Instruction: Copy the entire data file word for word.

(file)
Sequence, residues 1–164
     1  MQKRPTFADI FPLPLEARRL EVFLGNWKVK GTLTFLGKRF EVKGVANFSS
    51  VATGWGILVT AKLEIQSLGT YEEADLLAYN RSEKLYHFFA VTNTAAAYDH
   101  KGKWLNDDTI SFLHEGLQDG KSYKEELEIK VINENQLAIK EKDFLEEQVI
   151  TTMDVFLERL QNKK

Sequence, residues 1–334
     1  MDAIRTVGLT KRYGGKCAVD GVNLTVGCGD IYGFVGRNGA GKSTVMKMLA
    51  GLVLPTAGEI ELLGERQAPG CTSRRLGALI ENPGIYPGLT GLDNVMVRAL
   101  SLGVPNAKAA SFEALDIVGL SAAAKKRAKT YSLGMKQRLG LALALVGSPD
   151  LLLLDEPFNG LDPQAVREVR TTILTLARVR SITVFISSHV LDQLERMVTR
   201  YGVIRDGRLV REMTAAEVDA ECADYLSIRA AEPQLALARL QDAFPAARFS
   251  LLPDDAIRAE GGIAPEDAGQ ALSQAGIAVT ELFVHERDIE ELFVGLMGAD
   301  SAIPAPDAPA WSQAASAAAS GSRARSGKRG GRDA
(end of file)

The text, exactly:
Sequence, residues 1–164
     1  MQKRPTFADI FPLPLEARRL EVFLGNWKVK GTLTFLGKRF EVKGVANFSS
    51  VATGWGILVT AKLEIQSLGT YEEADLLAYN RSEKLYHFFA VTNTAAAYDH
   101  KGKWLNDDTI SFLHEGLQDG KSYKEELEIK VINENQLAIK EKDFLEEQVI
   151  TTMDVFLERL QNKK

Sequence, residues 1–334
     1  MDAIRTVGLT KRYGGKCAVD GVNLTVGCGD IYGFVGRNGA GKSTVMKMLA
    51  GLVLPTAGEI ELLGERQAPG CTSRRLGALI ENPGIYPGLT GLDNVMVRAL
   101  SLGVPNAKAA SFEALDIVGL SAAAKKRAKT YSLGMKQRLG LALALVGSPD
   151  LLLLDEPFNG LDPQAVREVR TTILTLARVR SITVFISSHV LDQLERMVTR
   201  YGVIRDGRLV REMTAAEVDA ECADYLSIRA AEPQLALARL QDAFPAARFS
   251  LLPDDAIRAE GGIAPEDAGQ ALSQAGIAVT ELFVHERDIE ELFVGLMGAD
   301  SAIPAPDAPA WSQAASAAAS GSRARSGKRG GRDA